As a director Lloyd has a particular skill in drawing out the dark absurdity of the plays he selects, finding the point where the comic surface meets the sinister underbelly, and from this Lloyd often finds an uneasy or threatening tone where characters seem unable to escape the confines of their limited existence. While his work tends to polarise audiences, Lloyd has a special affinity with Pinter helping to make the work more accessible than it can sometimes be, resulting in a particularly fine version of The Homecoming a couple of years ago.

It’s ok to admit that Pinter is hard and often very weird, which to audiences used to straightforward narrative plays with a discernible beginning, middle and end, means watching Pinter can be a disconcerting and difficult experience. And he’s not a writer that you can just walk into a theatre and make sense of straight away, it takes practice, you need to time to get used to his style, to disconnect from the safer dramatic conventions we are familiar with and, like the theatre of the absurd (which is closely related to Pinter’s style) to refocus on the play’s themes and tone rather than character and plot. Pinter is all about tone.

Lloyd directs the entire first half of Pinter One which contains three of the plays along with some other monologues and sketches, but don’t expect to know exactly where one piece ends and another begins. Set in a dystopian world, these works focus on Pinter’s political commentary in which a series of scenes shows the audience different aspects of an oppressive regime where free speech, individuality and dissent are violently crushed. Set in a series of metallic grey rooms housed in a revolving cube that carves the stage into a variety of angular shapes, Lloyd and regular design collaborator Soutra Gilmour have created a singular setting that unifies The New World Order, Mountain Language, The Pres and the Officer and One for the Road in one terrifyingly bleak series of prison cells and interrogation rooms.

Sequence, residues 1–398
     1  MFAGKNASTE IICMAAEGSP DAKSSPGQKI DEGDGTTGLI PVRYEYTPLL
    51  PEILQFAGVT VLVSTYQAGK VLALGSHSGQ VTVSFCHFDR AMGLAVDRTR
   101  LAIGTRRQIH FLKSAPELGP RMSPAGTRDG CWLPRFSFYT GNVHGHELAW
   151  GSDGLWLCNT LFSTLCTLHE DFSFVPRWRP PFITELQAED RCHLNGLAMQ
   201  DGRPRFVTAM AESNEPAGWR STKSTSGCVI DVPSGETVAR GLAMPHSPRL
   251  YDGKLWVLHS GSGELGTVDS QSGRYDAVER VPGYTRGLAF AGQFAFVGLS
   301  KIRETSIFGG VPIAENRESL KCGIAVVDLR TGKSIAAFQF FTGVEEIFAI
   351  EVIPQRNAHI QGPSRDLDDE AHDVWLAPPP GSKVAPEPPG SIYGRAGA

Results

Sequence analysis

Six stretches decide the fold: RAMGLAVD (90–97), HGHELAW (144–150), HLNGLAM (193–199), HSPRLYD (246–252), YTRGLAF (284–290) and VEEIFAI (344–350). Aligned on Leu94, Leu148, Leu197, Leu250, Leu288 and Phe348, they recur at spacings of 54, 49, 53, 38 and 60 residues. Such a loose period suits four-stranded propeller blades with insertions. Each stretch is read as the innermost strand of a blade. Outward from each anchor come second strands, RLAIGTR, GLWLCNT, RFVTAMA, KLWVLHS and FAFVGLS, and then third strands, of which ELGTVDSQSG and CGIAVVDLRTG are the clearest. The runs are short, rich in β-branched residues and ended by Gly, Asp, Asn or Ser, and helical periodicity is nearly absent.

The emphasis across the plays is on power and powerlessness, where one group of people dominate and control the existence of another, often toying with them and enjoying the easy recourse to violence that is a frequent feature of Pinter’s work. The show opens with a burst of ticker tape released onto the heads of the stalls audience to celebrate the birth of a new regime. At the lectern, a consummate politician (Jonjo O’Neill) delivers smooth answers to the disembodied voices at a press conference. It all feels remarkably familiar until this Minister of Culture reveals he used to work for the Secret Police and his smiling answers belie the fiercely repressive policies he’s promoting, putting you instantly in mind of Hamlet’s line ‘That one may smile, and smile, and be a villain.’

This proximity to everyday experience feeds through the show so, like all good science fiction, Pinter slimly disguises fears about heavy government regulation, attacks on outsiders and the ease with which the thin veil of society can disintegrate. With New World Order we see a naked man blindfolded and tied to a chair about to undergo some kind of torture, but first his respectable looking, even effete, attackers (O’Neill and Papa Essideu) goad him with what they’re about to do to him. It’s a wonderfully sinister piece about the anticipation of violence that becomes almost as frightening as the act itself which we never see. Both actors exude the kind of quiet menace that is so particular in Pinter, rarely needing to raise their voices, the surface and the reality being not what they seem.

Mountain Language begins seamlessly as two women (Kate O’Flynn and Maggie Steed) are questioned by camp guards, told their regional language is no longer permitted. Both are looking for their abducted husbands and eventually discover the brutal truth of what happened to them. Here identity and communication are the focus, where a regime can destroy a distinct group by erasing or forbidding its language – not so different from the themes of Brian Friel’s Translations and pertinent to our multicultural society. This rapidly turns into the recently rediscovered sketch The Pres and the Officer in which a foolish American President orders the destruction of the wrong place. It’s the only duff moment of the night, less for Pinter’s writing and more for the all too obvious Trump allusion, performed by Jon Culshaw. The rest of evening creates such a subtly hostile tone that the buffoonery of this section feels misjudged.